An easy 25-minute walk along the water-front from the centre of Stockholm brings you to the island of Djurgarden, home to many of the region’s finest museums. There really is something for everyone here; from the restored splendour of the 17th century warship Vasa – salvaged from the bottom of Stockholm harbour where it lay for 333 years after sinking only minutes into its maiden voyage [a Nordic Marie Rose?], through the traditional / formal exhibits at the grand Nordic Museum to the glitz and glitter of the Abba museum.
But it is the outdoor museum Skansen which draws me back each time I visit this beautiful city. Set on top of a hill – there is a funicular train for the less energetic – the museum / park was opened in 1891 by Artur Hazelius (1833–1901) to showcase the way of (mostly rural) life in the different parts of Sweden before the industrial era.
There is a zoo of sorts where you can see elk, lynx, reindeer, wolves, bears and other Nordic species in large open-air enclosures [although after approximately a dozen visits spread over a period of more than 30 years, I have yet to see the bears, they seem to be constantly “sleeping”].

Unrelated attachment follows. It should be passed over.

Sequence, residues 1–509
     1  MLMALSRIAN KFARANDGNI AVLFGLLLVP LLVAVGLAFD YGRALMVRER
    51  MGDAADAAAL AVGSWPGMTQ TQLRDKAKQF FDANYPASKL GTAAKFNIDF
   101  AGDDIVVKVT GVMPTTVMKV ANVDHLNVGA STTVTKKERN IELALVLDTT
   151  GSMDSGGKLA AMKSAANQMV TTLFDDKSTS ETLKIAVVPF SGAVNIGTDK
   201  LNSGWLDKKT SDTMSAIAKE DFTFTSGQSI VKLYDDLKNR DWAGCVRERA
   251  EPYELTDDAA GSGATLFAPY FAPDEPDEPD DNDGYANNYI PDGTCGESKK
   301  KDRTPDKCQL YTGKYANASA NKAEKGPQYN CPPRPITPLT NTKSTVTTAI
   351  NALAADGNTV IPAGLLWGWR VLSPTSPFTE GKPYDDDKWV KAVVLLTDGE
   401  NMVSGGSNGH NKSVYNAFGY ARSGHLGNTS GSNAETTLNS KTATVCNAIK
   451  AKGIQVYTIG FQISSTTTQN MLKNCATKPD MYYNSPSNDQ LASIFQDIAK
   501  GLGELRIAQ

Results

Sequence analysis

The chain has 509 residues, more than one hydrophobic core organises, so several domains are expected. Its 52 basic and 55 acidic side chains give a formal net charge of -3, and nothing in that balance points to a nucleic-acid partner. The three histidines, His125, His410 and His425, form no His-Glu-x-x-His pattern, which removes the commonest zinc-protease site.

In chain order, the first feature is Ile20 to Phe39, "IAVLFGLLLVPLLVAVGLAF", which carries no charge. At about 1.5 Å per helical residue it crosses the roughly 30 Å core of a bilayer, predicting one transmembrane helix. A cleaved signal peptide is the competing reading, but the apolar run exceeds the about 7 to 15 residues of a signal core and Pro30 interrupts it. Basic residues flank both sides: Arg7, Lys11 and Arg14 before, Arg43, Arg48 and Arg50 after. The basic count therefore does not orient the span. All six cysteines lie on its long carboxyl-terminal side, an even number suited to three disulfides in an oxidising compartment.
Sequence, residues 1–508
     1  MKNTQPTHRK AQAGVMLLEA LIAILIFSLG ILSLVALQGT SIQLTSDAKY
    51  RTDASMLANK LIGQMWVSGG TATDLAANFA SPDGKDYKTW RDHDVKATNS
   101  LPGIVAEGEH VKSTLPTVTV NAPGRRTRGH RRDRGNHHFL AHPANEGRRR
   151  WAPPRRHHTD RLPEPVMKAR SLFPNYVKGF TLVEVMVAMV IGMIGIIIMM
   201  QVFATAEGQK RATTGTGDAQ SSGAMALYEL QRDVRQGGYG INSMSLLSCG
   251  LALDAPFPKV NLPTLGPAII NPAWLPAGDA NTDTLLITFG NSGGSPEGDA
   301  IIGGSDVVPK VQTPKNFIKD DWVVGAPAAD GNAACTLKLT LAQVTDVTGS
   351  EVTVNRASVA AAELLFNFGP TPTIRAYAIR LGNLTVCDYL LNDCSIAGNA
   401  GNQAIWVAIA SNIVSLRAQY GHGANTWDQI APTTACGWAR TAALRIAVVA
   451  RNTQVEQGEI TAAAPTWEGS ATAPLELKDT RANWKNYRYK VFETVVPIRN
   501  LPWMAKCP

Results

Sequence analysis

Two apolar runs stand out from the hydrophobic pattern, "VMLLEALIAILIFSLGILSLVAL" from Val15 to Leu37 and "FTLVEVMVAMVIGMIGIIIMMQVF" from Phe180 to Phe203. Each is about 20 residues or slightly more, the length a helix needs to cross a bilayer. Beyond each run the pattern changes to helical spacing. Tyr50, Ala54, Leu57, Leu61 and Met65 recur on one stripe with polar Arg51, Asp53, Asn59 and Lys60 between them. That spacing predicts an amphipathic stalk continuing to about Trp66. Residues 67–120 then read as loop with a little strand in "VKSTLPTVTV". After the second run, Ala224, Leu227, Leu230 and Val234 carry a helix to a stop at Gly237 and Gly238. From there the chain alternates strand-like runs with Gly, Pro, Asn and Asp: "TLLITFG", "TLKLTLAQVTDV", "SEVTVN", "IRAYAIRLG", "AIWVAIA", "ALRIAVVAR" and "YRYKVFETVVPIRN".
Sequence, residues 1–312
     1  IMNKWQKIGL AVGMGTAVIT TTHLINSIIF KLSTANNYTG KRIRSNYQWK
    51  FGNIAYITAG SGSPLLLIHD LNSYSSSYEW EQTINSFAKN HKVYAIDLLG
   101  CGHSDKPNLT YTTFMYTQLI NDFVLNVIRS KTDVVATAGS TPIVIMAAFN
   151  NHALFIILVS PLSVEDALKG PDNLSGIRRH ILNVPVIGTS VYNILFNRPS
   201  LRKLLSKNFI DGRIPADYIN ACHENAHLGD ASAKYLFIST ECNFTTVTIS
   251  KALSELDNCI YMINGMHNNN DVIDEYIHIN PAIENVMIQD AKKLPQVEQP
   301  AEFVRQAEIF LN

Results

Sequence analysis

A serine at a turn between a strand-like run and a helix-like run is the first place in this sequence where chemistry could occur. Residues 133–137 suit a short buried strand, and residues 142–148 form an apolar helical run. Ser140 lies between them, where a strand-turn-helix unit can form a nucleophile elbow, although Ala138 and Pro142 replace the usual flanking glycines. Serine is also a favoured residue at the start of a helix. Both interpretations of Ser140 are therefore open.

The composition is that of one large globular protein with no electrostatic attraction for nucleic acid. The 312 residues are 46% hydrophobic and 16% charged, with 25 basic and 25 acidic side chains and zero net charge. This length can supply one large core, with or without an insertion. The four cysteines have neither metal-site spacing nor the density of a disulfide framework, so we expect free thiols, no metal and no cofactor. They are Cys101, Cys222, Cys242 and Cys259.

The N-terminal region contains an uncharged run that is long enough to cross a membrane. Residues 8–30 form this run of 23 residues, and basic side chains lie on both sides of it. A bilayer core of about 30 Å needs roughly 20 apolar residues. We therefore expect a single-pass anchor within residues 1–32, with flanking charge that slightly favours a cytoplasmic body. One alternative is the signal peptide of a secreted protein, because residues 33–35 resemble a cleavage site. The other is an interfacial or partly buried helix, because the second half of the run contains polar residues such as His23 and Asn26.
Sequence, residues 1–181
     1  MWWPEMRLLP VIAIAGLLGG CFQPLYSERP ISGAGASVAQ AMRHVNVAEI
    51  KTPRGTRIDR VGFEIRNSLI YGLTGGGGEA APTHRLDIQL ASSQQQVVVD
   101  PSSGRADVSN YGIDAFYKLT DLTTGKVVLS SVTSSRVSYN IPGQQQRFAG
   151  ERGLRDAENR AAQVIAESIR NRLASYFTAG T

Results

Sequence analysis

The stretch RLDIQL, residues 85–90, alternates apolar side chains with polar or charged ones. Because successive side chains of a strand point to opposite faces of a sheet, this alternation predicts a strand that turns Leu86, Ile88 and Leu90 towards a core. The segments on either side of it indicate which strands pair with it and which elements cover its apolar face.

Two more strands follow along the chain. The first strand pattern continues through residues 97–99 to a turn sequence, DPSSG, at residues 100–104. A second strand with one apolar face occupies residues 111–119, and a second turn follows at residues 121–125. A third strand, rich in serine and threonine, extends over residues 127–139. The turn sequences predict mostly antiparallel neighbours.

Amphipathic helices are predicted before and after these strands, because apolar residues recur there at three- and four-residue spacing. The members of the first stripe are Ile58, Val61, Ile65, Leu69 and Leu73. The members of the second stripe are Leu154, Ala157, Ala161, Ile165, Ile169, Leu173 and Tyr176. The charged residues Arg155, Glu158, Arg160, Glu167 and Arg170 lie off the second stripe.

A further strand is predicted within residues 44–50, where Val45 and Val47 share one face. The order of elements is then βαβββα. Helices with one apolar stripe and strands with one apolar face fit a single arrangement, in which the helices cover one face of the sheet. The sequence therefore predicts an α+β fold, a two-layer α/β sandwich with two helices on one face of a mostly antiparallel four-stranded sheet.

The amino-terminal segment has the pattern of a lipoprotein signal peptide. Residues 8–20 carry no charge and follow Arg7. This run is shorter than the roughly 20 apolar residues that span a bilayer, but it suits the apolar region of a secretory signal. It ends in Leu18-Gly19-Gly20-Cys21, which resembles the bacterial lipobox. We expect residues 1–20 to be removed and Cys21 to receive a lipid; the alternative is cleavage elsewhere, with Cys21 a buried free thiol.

The main interest for me though is the collection of wooden buildings which you can walk around – and in most cases through – seeing up close the development of ‘log cabin’ construction methods over the course of several centuries.
The buildings, ranging from individual dwellings to complete farmsteads, were all carefully dismantled and then painstakingly re-assembled within the park. One of the oldest exhibits is the Vastveit storehouse, parts of which date back to the 14th century. The storehouse was brought from the Telemark area in Norway and in fact only just made it into the museum. It was transferred to Skansen in 1901, at which time Norway and Sweden were still united, but with the dissolution of the union in 1905, Skansen decided to concentrate on Swedish building only. The intricate carving on the front of the building and the unusually shaped ‘side-door’ can be seen in the photos below.
Another favourite of mine is the Mora farmstead from the Dalarna area of central Sweden. The ancient buildings show what farms in this district looked like at the end of the 18th century. The buildings are all of wood with wooden roofs, covered in birch bark to keep the rain out. The farm consists of several small buildings, each with a different purpose. There are two dwelling houses, stables and store-houses.
So, should you find yourself on Djurgarden, take a tip: leave those platform-soled boots at the hotel and take a walk up the hill!